Bruce Milen, Chairman of the Board of Jax Kar Wash, first sold his business back in 1998 during a period of consolidation and roll ups. He had and took the opportunity to buy it back three years later in part because the companies had some operating issues and price was right. After that, he says he really didn't have any plans on selling, but rather was ready to continue operating what they had, which was profitable. Then he started hearing about the multiples that were being paid for car washes.
"We were now heavy into the subscription business, which is our unlimited plan where people pay by the month as you would with a health club," he said at the Detroit Smart Business Dealmakers Conference. "And the private equity started coming after us. We hired an investment banking-type company to be our advisers. And when we started hearing some of the numbers, I said, Well, maybe this is the right time to sell. And then we made our next move."
Milen says the choice to remain a minority partner this time around was important because he and his team were still operating the business; TRP Capital, the buyers, wanted the team to stay; and also he had money in the game and would be watching it the way they want it watched.
"When I had sold the business back in 1998, that company had no interest us staying on or keeping money into it," he says. "They just gave us our check and walked away. This is completely different. We got a check and we were able to stay."
Before taking the company to market, Milen says they hired a CFO, which he says he didn't think they needed but soon found out that a CFO was important part of the team. He says they also made it a point to inform and reassure his management team about the potential sale.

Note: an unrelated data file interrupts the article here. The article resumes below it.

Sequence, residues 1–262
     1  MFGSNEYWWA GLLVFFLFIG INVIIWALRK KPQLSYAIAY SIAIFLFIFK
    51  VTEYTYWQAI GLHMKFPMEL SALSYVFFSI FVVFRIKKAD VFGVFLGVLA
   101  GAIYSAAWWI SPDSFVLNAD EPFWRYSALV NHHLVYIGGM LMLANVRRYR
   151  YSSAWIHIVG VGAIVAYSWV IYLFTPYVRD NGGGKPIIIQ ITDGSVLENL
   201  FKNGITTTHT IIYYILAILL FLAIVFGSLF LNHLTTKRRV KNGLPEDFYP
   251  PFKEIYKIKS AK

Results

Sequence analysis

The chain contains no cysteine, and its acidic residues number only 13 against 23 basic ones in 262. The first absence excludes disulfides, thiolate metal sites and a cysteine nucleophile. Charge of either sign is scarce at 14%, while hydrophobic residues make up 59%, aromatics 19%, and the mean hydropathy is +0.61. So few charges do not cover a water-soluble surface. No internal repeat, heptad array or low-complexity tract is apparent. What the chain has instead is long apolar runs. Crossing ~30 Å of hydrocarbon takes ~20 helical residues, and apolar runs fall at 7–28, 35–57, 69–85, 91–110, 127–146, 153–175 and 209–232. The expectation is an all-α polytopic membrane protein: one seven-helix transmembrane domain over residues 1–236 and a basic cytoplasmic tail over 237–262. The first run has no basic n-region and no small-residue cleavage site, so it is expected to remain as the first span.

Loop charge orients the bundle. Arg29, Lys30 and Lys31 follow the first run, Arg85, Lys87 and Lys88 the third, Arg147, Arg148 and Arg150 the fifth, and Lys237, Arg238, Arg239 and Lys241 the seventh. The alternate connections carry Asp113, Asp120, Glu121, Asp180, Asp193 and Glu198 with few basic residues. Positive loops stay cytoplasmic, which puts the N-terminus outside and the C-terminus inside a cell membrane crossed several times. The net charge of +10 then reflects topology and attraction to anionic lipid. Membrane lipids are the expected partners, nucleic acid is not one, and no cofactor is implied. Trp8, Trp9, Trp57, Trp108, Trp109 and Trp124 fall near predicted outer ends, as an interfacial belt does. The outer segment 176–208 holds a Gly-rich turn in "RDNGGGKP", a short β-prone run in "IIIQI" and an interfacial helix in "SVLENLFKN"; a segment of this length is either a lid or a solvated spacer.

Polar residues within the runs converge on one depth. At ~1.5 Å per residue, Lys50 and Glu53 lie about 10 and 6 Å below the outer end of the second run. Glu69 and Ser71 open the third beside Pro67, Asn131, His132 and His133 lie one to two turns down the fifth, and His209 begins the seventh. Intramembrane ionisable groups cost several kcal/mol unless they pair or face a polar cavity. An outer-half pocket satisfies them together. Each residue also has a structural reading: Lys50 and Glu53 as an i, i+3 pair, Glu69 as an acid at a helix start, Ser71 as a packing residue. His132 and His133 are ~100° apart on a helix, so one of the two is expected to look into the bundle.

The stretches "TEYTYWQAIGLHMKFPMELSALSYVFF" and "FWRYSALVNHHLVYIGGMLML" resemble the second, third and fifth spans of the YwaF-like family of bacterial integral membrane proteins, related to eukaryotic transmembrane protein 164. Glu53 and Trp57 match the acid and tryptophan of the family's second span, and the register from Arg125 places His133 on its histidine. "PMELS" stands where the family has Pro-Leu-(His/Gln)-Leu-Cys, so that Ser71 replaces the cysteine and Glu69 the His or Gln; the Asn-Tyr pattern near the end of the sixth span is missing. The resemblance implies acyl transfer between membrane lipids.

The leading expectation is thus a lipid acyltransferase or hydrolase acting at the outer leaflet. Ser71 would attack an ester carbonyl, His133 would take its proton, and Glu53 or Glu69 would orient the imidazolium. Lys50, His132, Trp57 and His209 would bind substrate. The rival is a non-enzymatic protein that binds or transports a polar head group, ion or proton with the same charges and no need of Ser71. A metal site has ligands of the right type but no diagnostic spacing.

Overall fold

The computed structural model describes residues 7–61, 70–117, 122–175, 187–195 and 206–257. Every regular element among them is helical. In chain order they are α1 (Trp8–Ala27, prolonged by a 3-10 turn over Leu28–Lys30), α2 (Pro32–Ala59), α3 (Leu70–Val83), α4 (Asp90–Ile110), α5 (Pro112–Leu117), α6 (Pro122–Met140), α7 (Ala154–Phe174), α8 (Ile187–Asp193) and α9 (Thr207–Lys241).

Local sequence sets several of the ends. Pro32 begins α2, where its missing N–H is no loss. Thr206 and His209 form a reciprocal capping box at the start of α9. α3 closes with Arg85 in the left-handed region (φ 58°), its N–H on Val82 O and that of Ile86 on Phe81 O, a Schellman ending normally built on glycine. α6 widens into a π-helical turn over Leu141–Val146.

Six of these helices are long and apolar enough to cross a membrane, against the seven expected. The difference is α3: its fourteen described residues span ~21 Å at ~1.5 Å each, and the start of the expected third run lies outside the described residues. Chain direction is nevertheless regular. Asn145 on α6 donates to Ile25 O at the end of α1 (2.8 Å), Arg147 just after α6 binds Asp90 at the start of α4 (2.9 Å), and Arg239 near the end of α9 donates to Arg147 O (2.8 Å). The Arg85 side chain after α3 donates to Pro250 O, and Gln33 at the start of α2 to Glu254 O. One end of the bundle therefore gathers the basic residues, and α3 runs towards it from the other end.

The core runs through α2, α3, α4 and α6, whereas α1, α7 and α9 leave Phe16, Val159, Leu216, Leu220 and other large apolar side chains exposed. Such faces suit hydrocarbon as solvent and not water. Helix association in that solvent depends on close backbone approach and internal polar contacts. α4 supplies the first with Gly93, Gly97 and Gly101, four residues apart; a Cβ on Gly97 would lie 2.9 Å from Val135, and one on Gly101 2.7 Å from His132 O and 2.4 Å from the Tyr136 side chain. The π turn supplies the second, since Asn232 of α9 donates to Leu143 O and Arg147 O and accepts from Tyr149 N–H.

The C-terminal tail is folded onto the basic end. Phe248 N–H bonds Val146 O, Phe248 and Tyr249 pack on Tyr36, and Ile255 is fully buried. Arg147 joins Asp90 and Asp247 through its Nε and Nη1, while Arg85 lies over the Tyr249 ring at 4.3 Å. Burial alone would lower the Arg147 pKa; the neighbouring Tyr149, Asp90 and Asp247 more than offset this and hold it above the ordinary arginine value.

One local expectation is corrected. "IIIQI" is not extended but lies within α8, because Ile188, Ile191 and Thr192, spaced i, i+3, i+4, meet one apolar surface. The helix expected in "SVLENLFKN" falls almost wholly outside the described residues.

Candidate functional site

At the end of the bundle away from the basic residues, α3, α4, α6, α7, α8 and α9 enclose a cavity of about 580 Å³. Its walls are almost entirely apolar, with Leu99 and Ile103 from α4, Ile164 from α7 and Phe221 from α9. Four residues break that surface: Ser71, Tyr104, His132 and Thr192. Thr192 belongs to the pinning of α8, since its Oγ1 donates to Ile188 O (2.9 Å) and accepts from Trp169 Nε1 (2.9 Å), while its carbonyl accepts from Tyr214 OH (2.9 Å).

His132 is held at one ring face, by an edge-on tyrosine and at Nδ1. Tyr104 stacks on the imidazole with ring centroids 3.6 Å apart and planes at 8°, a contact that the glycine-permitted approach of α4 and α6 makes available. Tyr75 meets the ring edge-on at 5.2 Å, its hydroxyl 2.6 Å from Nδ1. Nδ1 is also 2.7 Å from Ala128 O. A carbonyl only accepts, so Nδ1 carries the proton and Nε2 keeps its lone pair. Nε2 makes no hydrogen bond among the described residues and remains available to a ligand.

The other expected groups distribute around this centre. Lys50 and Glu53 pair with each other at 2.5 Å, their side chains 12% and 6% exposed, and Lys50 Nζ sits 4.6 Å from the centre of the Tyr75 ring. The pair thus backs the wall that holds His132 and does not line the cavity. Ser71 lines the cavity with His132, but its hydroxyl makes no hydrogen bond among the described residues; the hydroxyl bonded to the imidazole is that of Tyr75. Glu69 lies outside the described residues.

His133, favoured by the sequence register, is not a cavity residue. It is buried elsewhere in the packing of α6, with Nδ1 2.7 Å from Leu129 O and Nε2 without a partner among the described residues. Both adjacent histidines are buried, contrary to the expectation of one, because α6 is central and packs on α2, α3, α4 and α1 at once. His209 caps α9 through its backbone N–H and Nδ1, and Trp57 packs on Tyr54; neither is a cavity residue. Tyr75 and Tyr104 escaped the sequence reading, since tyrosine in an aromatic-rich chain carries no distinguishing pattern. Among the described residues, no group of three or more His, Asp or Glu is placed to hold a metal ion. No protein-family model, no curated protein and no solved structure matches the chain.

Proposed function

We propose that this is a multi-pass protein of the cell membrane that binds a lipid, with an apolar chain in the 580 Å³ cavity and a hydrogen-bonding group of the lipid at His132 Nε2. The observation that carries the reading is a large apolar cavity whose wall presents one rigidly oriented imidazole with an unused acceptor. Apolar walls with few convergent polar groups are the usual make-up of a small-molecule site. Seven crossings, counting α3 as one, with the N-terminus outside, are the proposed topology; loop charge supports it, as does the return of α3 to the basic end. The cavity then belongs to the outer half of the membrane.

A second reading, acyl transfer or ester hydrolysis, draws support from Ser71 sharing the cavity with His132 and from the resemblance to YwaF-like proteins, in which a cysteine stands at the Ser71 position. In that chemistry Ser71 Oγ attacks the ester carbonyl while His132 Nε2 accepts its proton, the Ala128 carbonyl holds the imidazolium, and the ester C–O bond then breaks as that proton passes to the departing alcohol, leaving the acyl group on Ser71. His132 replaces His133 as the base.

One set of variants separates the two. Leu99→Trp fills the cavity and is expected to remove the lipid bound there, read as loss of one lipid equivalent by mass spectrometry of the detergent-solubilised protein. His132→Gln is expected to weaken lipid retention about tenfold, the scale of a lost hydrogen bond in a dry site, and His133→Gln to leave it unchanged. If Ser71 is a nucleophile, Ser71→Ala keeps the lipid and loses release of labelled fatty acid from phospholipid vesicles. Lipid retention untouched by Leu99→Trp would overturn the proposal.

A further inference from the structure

"(The CFO) really got us in the right direction with our numbers and how to present things to any potential buyers," Milen says. "That was an important part of it. We told our management team about this right from the beginning, soon as we had a good, valid offer. We didn't want to hide anything from them. And we told them we were going to be expanding, which we did. We told them that they're not going to make any less money, they'll be making more money, they did. So everything we told them was going to happen, happened. We were able to keep our credibility with our management team. And we still have the same exact management team — although we've expanded that in the last year. But that was important. Your employees are important. You want them to stay with you. You want them to be happy. And with our type of management structure, it's boots on the ground all the time. And that's what makes our company great — it's by our managers that we have."
Milen says he learned from the previous sale about a lot of things that he had to do. That included making sure the properties were in good shape and everything was working well. That the accounting and IT departments were strong, and everything else that had to be done to make the company look good. Presentation, he says, matters.
"You have to be able to tell a good story and back it up with the numbers, and talk about what the expansion can be," he says.